Used to suppress most error messages.
Used to change files and directories recursively.
For the <permissions> part, you can use either of the two methods:
- Absolute Mode
- Symbolic Mode
Absolute Mode in chmod
In this mode, the permissions are specified with a combination of 3-digit numbers from 1 to 7 (also known as octal numbers). Here, the first digit corresponds to the file owner, the second to the group users and the third corresponds to the other users. The basic syntax to specify permissions in absolute mode is:
chmod <options> <permission_combination> <file_name>
The different combinations of numbers you can use for permissions are:
Permission Type Number No permission 0 Execute 1 Write 2 Write + Execute 3 (i.e. 2+1) Read 4 Read + Execute 5 (i.e. 4+1) Read + Write 6 (i.e. 4+2) Read + Write + Execute 7 (i.e. 4+2+1)
Let’s see an example to make this easier to understand. Say, you want to set read, write, and execute permissions for all users for the file “test.txt”, then use this command:
chmod -v 777 test.txt
This is a quite frequently used command in Linux systems, therefore, we have prepared an elaborate guide on what chmod 777 means in Linux.
2. If you want to set read-only permission for the file owner and no permission for group and other users, you can use this command:
chmod -v 400 test.txt
Symbolic Mode in chmod
The main problem with the absolute mode is you always have to provide the permission set for all users even if you need to change for one user.
This is where the symbolic mode comes into play. The symbolic mode is the more commonly used as it uses alphabets instead of numbers, which most users find difficult to understand. In addition to being easy for users, you can also set permissions only for a specific user using the symbolic mode, unlike the absolute mode. The basic syntax to change file permission using symbolic mode in chmod is:
chmod <options> <user_type><symbol><permission_set> <file_name>
In the above syntax:
- <user_type> specifies the type of user you want to set permissions for.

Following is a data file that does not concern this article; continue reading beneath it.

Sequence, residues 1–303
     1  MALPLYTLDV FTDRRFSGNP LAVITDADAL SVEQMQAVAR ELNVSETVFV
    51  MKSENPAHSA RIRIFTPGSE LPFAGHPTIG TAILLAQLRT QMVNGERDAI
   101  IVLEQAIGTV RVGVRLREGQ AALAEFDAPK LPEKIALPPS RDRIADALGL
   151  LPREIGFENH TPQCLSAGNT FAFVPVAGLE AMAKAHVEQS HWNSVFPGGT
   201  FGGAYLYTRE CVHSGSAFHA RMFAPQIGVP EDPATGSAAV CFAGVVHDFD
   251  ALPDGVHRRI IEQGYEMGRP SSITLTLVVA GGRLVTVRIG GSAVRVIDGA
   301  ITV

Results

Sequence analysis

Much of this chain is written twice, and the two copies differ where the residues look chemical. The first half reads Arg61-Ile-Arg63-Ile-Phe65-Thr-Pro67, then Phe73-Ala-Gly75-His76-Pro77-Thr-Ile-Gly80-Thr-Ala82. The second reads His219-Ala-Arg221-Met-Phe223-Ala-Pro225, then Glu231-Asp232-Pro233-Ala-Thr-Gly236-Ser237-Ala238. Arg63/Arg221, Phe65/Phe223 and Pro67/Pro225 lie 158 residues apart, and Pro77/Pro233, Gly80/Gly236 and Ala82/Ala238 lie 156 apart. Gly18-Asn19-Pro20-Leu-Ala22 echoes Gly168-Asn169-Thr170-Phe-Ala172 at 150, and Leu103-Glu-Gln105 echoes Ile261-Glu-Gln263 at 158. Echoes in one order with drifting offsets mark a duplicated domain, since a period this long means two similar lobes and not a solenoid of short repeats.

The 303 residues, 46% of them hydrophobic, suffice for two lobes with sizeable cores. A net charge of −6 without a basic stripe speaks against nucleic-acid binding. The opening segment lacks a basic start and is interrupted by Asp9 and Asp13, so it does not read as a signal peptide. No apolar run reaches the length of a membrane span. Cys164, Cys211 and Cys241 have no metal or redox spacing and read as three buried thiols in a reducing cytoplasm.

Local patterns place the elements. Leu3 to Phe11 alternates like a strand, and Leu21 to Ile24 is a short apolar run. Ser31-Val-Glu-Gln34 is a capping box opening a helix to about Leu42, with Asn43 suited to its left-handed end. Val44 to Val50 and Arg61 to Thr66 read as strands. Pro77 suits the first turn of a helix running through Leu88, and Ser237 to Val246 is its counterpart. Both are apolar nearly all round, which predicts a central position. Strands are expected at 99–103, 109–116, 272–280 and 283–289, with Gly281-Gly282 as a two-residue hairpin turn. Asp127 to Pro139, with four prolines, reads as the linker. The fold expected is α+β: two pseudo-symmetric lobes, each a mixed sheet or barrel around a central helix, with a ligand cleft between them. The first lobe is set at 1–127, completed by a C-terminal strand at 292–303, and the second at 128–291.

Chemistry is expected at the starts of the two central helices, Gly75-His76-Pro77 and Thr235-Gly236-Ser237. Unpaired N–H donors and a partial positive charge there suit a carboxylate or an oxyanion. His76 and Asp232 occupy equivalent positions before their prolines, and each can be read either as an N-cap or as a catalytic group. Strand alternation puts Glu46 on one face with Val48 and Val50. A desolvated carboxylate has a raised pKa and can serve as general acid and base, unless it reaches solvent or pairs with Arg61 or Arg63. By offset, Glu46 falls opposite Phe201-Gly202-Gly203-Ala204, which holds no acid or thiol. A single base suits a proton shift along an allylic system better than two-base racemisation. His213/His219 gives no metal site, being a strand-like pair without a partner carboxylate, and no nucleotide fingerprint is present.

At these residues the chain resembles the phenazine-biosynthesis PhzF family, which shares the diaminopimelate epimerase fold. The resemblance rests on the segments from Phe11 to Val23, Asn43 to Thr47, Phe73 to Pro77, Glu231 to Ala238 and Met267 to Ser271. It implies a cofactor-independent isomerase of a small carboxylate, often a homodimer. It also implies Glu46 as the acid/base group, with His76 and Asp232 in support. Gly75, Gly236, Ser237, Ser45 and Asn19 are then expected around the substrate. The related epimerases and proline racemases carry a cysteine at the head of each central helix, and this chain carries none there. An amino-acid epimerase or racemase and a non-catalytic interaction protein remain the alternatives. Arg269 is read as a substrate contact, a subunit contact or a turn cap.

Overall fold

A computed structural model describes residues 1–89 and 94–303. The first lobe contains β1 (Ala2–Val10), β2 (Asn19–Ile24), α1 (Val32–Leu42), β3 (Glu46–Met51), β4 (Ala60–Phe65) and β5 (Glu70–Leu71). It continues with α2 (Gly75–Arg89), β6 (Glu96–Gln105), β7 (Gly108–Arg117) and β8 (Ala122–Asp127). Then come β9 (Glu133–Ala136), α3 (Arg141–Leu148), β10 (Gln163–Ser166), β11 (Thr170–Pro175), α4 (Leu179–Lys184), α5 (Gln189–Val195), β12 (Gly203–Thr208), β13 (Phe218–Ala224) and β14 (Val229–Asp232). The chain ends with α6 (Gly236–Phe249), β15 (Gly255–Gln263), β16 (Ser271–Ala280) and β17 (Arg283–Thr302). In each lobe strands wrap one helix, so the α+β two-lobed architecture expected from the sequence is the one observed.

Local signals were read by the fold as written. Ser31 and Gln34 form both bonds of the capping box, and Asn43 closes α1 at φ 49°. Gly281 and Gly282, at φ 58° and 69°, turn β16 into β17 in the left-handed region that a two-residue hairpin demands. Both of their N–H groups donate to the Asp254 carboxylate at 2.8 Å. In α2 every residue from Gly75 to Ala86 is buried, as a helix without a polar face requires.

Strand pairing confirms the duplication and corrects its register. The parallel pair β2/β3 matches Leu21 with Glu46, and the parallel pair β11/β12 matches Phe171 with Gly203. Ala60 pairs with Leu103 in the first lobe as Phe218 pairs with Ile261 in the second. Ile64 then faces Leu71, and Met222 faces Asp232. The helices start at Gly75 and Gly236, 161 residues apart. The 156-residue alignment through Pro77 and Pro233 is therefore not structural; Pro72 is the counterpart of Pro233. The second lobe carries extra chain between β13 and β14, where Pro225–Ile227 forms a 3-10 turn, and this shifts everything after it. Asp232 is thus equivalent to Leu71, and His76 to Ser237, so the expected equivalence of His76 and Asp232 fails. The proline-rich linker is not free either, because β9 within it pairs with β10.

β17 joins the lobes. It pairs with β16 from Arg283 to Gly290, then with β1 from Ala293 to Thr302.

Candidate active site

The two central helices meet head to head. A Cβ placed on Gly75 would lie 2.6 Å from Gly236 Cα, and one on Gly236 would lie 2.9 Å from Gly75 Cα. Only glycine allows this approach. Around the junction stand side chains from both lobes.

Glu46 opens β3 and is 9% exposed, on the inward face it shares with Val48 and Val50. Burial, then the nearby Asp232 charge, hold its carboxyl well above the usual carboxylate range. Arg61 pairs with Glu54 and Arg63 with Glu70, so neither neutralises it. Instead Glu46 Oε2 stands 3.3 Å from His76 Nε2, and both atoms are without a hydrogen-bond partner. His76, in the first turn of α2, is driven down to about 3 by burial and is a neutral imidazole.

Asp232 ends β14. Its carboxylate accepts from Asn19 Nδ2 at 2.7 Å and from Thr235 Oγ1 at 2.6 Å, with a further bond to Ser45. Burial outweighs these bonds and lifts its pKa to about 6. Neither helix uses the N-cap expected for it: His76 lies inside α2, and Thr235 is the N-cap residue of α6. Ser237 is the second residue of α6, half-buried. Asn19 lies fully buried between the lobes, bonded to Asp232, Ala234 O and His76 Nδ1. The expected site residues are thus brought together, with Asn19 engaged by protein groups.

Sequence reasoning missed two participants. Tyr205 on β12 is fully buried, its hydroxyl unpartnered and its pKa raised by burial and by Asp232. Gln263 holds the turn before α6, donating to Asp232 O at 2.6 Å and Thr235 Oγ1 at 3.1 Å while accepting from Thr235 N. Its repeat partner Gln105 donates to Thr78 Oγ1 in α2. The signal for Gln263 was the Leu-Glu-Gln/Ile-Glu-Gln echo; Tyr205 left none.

- <symbol> refers to ‘-‘, ‘+’, and ‘=’ which means ‘remove’, ‘add’, and ‘equals’ respectively.
- <permission_set> refers to the permission you want to set for the user.
In symbolic mode, you can specify the <user_types> as:
- file owner as ‘u’
- group users as ‘g’
- other users as ‘o’
- all users (combination of all three) as ‘a’ or ‘ugo’
For the <permission_set> part, you can use either of the following combinations:
Permission Type Symbol No permission — Execute -x Write -w- Write + Execute -wx Read r- Read + Execute r-x Read + Write rw- Read + Write + Execute rwx
Let us now see some examples of how we can set permissions in Linux using symbolic mode. Suppose you want to set execute permission for the group, then use this command:
chmod -v g+x test.txt
You can even set multiple permissions for different user types. Say you want to remove execute permissions from the other user types and add read, write, and execute permissions for the file owner:
chmod o-x,u+rwx test.txt
Change File/Directory Owner and Group in Linux
Suppose you need to have all the permissions but do not want to share the permissions with the group users. In such a case you can use the
chown (Change Owner) command to change the file owner. The syntax to change the owner is pretty straightforward:
chown <new_user_name> <filename_or_directory_name>
For example, if you want to change the owner to root for the file test.py, you can use this command:
sudo chown root test.py
Note: In order to change the file owner, you need to have root privilege. If you do not have root privilege then simply use the “sudo” command to get root permissions.
If you need to change the group for a file, use the
chgrp <new_group_name> <filename_or_directory_name>
For example, if you want to change the group to test, use the chgrp command:
sudo chgrp test test.txt
Note: No two groups can be the owners of the same file/directory. If you want to know how you can add a new user to a group, check out our guide on how to add a new user to a group.
Managing file permissions is of utmost importance, especially in a multi-user environment. By regularly reviewing file permissions on your Linux system, you can ensure that your sensitive files stay safe and secure from prying eyes. We hope this article helps you understand this basic concept, and do let us know in the comments if you have any doubts.